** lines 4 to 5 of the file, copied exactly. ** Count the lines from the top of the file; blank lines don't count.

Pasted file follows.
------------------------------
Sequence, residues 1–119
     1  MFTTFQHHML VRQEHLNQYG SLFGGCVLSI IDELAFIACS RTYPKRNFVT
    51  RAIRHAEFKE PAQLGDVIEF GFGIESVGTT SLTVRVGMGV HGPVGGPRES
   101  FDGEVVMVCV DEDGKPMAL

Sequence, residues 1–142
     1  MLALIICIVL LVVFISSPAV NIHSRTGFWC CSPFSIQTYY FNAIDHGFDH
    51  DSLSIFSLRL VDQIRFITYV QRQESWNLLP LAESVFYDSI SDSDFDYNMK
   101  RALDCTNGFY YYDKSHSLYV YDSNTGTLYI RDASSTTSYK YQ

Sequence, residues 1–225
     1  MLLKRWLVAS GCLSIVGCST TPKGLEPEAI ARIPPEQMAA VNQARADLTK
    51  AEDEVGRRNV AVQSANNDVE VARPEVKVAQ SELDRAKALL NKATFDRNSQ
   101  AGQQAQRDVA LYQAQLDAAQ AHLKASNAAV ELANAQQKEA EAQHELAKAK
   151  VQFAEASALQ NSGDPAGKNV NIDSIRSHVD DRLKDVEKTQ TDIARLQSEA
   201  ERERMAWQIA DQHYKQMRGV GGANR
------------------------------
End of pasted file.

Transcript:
   101  FDGEVVMVCV DEDGKPMAL

Sequence, residues 1–142